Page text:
Test Name: Tuberculin test
Normal Range: Negative 0-5 suspicious 5-10 positive>10
To help determine whether or not you may have been exposed to and become infected by the Mycobacterium tuberculosis () bacteria
- When you have diseases or conditions that weaken your immune system and put you at a greater risk of developing active tuberculosis.
- When you have had close contact with someone who has active TB, or work or live in a high risk environment.
- When you have lived for a period of time in a foreign country where TB may be more common.
- Sometimes as part of an examination prior to starting a new job (such as a healthcare worker).
No sample is required. A small amount of purified protein derivative (PPD) solution is injected just under the first layer of skin of your inner forearm.
is an infectious disease caused by a bacterium named Mycobacterium tuberculosis. It may affect many body organs, but primarily affects the lungs (pulmonary). Tuberculosis, (once called consumption), has been a common cause of death for thousands of years.
TB may cause a latent or inactive infection or an active, progressive disease. About 90% of the people who become infected with TB manage to control its growth and confine the TB to a few cells in the body. The bacteria in these cells are inactive but still alive. The patient is not sick, they do not have any symptoms, and they are not infectious, but they do have a "latent TB infection." If the patient's immune status is later compromised, the latent TB bacteria may begin to grow again, leading to an active case of tuberculosis disease. This active TB does cause illness in the patient and it can be passed to others through respiratory secretions such as sputum (spit or phlegm) or aerosols released by coughing, sneezing, laughing, or breathing.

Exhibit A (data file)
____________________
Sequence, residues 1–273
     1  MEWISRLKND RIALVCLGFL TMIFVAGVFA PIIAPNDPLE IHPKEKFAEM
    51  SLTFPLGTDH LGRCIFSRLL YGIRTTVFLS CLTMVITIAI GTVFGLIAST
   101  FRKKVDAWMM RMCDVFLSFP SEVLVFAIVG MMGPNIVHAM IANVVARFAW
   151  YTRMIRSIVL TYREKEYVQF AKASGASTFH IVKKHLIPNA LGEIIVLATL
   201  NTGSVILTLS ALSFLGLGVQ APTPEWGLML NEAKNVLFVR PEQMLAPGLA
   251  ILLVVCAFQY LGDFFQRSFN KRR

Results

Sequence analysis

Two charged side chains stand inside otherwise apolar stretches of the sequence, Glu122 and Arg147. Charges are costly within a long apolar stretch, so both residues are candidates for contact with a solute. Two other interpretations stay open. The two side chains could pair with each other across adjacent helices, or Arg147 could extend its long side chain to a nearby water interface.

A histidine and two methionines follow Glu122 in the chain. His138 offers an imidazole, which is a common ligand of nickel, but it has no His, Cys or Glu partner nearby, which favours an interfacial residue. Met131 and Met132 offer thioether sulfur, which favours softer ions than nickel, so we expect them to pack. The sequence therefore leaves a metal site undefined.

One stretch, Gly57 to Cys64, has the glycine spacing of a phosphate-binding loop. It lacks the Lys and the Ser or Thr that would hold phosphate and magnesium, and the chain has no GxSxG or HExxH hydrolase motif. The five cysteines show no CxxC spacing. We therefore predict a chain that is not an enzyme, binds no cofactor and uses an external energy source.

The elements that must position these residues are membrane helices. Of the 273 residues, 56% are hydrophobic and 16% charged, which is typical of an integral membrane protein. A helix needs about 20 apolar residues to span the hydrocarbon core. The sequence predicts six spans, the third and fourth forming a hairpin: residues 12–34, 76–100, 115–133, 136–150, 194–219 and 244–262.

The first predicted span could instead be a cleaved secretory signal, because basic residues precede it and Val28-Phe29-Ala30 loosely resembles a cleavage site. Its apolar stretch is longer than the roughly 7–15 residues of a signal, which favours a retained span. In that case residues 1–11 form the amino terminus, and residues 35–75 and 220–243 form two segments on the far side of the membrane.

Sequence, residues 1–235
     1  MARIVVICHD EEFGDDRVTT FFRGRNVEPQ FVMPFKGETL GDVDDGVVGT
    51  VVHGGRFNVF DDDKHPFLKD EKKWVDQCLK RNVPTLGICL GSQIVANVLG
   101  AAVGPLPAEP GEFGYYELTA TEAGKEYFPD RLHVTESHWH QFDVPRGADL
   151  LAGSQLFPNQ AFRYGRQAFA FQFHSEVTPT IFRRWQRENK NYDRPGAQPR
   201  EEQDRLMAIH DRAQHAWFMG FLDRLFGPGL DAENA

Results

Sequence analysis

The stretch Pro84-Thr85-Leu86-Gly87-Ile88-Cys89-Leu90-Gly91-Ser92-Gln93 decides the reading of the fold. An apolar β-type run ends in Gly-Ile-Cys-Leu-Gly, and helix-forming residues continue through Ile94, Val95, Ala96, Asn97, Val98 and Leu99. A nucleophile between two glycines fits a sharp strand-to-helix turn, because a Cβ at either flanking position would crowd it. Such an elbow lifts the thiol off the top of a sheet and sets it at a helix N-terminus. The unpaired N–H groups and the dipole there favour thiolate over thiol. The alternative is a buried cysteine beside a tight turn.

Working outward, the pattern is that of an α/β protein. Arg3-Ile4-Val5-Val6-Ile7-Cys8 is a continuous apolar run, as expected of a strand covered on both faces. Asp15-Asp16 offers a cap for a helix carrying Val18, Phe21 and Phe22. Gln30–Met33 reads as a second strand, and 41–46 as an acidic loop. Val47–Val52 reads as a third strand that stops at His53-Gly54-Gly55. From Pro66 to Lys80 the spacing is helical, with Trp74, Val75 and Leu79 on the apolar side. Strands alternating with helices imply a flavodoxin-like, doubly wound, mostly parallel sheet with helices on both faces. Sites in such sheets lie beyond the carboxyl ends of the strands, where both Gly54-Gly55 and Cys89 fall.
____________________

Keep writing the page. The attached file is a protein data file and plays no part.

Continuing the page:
If the test is positive, further testing will be done to look for signs of active tuberculosis. This could involve an X-ray.
How is the sample collected for testing?
No sample is required. The test is performed on the patient's skin. A purified protein derivative (PPD) solution that contains TB antigens, but not live bacteria, is used to provoke a hypersensitivity skin reaction (a red raised bump) in those who may have been infected by TB.
A healthcare professional will wipe your inner forearm with alcohol and let the skin dry. Using a syringe and a tiny needle, they will inject a small amount (0.1mL) of PPD solution just under the first layer of your skin. When done correctly, the injection forms a small bubble of fluid that looks like a blister. The site should be left uncovered and undisturbed; and perfumes and other cosmetics should not be applied. It will then need to be examined by a healthcare professional at 48 and/or 72 hours after the injection to see if a local skin reaction has occurred.
Is any test preparation needed to ensure the quality of the sample?
No test preparation is needed.